Trump ensures rocky ride for Varadkar in Irish-US relations
Administration’s right-wing Irish-American identity poses challenge for future taoiseach
US vice-president Mike Pence. The former governor of Indiana has suggested that gay people should receive medical treatment to change their sexual behaviour. Photograph: Bill Ingalls/Nasa via Getty Images
The visit this week by Enda Kenny to Chicago brought to an end a chapter in Irish-US relations. Kenny used the visit to reaffirm one of his policy priorities as Taoiseach – his announcement in March of a proposed referendum on extending voting rights to Irish emigrants, a priority underpinned by his appointment of Chicago-based Billy Lawless as a senator to represent the diaspora.
Addressing a group of Irish-Americans in Chicago, Kenny spoke of the importance of resolving the status of the undocumented Irish living in the United States.
“The undocumented Irish built their lives in America, they work hard, they want to have their contribution recognised and fully validated . . . The Irish Government will continue to press for comprehensive reform,” he promised.
Kenny’s departure also opens up inevitable questions about how his successor will navigate Irish-American relations, one of Ireland’s most important bilateral relationships in terms of trade, culture and politics.
The issue is a potential diplomatic minefield for Leo Varadkar. As minister he was one of the most outspoken critics of the policies of President Donald Trump and vice-president Mike Pence in particular. Pence is widely perceived as the most socially conservative of Trump’s inner circle. A former Catholic who became an evangelical Christian, the former of governor of Indiana has suggested that gay people should receive medical treatment to change their sexual behaviour.
“I don’t like what Trump and Pence stand for, particularly on social issues,” Varadkar said in an RTÉ interview in November. “The right approach, I think, with anyone is to respect their religion, respect their values and engage with them. That’s how you win over minds and soften hearts,” he said.
Varadkar said he would like to personally meet Pence if he came to Ireland and “tell him the story of our country, the country of his ancestors and how we went from being one of the most conservative countries in the world [to where we are now]”.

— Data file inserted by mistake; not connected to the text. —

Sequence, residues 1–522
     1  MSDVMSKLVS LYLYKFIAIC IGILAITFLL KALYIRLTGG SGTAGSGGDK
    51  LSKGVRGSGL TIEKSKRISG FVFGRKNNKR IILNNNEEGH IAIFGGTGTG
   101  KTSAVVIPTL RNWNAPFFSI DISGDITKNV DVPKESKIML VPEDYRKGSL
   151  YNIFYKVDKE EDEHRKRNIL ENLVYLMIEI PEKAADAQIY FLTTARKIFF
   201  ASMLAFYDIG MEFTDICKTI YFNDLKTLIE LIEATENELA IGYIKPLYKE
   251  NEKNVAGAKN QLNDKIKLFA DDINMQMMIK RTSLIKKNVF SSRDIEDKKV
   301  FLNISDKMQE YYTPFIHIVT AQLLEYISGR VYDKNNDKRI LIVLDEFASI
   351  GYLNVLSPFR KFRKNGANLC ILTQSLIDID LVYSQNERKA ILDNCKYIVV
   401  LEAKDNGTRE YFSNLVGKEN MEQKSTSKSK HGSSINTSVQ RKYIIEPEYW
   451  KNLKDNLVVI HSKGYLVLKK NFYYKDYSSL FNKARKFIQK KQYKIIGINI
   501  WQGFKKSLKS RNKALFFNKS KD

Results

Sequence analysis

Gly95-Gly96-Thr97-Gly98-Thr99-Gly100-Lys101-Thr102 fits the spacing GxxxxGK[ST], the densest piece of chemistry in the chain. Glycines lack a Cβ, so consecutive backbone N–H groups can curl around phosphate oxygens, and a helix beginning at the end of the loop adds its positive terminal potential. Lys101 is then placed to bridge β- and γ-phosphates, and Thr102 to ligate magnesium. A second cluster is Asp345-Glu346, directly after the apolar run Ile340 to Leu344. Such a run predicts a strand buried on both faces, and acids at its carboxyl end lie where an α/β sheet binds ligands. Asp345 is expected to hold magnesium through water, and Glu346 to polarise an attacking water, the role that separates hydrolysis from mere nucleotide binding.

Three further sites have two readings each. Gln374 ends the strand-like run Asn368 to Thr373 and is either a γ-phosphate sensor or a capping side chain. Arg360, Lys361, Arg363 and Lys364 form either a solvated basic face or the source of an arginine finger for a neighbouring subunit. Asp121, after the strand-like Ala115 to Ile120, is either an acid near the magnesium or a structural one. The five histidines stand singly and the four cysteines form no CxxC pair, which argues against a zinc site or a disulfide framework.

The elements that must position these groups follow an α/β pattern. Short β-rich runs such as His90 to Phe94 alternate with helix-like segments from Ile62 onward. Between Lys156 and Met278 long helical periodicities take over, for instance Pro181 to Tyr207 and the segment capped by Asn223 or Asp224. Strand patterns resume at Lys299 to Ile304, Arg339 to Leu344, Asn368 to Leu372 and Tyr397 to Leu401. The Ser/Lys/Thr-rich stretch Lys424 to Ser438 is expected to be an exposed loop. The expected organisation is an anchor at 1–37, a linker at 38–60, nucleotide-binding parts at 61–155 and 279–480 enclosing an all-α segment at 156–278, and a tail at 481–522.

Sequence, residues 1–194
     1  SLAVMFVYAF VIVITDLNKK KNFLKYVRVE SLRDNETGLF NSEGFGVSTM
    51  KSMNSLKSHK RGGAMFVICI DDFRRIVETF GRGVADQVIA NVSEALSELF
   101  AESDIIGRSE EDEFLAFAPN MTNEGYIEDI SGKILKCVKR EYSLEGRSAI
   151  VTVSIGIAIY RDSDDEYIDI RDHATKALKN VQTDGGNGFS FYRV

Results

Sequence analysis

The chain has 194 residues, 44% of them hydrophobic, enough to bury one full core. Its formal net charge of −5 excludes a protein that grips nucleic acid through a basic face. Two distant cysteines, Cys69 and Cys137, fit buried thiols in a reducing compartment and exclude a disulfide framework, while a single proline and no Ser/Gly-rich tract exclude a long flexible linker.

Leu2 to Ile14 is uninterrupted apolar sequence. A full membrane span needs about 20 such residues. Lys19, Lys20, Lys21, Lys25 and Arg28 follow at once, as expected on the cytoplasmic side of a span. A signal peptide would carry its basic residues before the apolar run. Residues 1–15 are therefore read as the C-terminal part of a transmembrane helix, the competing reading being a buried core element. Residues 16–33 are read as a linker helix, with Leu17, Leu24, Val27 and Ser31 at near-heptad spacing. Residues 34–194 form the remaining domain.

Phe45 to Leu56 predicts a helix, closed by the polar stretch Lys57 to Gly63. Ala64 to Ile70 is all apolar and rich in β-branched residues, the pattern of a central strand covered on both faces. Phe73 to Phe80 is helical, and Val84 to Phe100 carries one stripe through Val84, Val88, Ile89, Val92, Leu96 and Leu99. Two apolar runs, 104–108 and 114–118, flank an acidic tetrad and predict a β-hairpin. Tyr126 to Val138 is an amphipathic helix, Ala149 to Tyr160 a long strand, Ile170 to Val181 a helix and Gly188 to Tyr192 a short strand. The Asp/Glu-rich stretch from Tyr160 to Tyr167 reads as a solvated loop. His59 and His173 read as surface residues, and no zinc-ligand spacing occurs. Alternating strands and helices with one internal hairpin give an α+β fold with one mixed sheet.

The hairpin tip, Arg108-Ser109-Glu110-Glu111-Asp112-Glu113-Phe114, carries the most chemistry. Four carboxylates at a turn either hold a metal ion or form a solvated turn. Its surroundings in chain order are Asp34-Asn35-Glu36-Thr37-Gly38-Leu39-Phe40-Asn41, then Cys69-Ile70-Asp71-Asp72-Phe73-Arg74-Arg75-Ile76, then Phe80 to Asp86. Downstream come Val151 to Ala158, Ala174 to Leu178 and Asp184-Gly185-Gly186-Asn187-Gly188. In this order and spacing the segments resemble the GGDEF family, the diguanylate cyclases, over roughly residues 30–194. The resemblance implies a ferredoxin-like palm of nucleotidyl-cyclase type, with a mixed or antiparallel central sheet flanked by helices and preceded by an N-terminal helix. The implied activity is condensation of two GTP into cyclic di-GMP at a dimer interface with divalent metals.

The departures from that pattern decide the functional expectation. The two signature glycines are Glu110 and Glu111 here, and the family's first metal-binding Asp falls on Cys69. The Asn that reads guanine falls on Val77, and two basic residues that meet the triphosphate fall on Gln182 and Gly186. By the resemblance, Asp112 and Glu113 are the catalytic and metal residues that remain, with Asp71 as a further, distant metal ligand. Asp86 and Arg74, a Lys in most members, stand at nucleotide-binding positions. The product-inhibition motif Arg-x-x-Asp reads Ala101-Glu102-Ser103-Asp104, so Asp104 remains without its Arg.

While a visit by Pence could happen in the coming year – a proud Irish-American, the vice-president has visited Ireland numerous times – the future taoiseach is likely to meet him anyway next March at the traditional St Patrick’s Day breakfast at the vice-president’s residence in Washington.
Pence, who was honoured at this year’s annual Ireland Funds’ gala dinner during St Patrick’s week, has emerged as a key figure in the relationship between Ireland and the Trump presidency. Should Trump be impeached or resign – a prospect that looks increasingly possible – Pence would become the 46th American president.
A man who is passionate about his Irish heritage – Pence’s sisters and wife sat with tears in their eyes as the family was honoured by the Ireland Funds – he has infinitely closer connections with Ireland than Trump, whose interest lies with his Scottish heritage.
How Varadkar will navigate this prospective meeting remains to be seen – taoisigh generally attend the breakfast with their partners. He will also inherit the outgoing Taoiseach’s decision to invite Trump to Ireland. Many countries, Britain in particular, are beginning to rally against the idea of such invitations as the US president pursues ever more offensive policies.
Apart from the diplomatic challenges, Varadkar’s appointment as taoiseach-elect may also raise challenges for the Irish-American community in the United States. As Liam Kennedy, director of the Clinton Institute for American Studies at University College Dublin, wrote recently in The Irish Times, the political affiliations of Irish-Americans are difficult to pin down.
A recent survey based on readers of the Irish Central website found that most Irish Americans still vote Democratic despite anecdotal evidence that they do not.
Nowhere is the emergence of a right-wing, nativist Irish-American identity more evident than in Trump’s administration, where several Irish Americans hold key positions, including Sean Spicer, Kellyanne Conway, Steve Bannon, and Pence himself. Even outside the political realm, there exists a strong strain of Irish America that continues to cling to a romanticised image of an Ireland that no longer exists, one rooted in a socially-conservative vision of nationalism and the family.
Whether that vision will accommodate a gay taoiseach of Indian origin is unclear. What is certain is that Varadkar, should he be taoiseach next March, will face the conundrum that has beset almost every foreign leader – how far do you engage with a president who epitomises almost everything you stand against as a politician, an individual and as a representative of your country?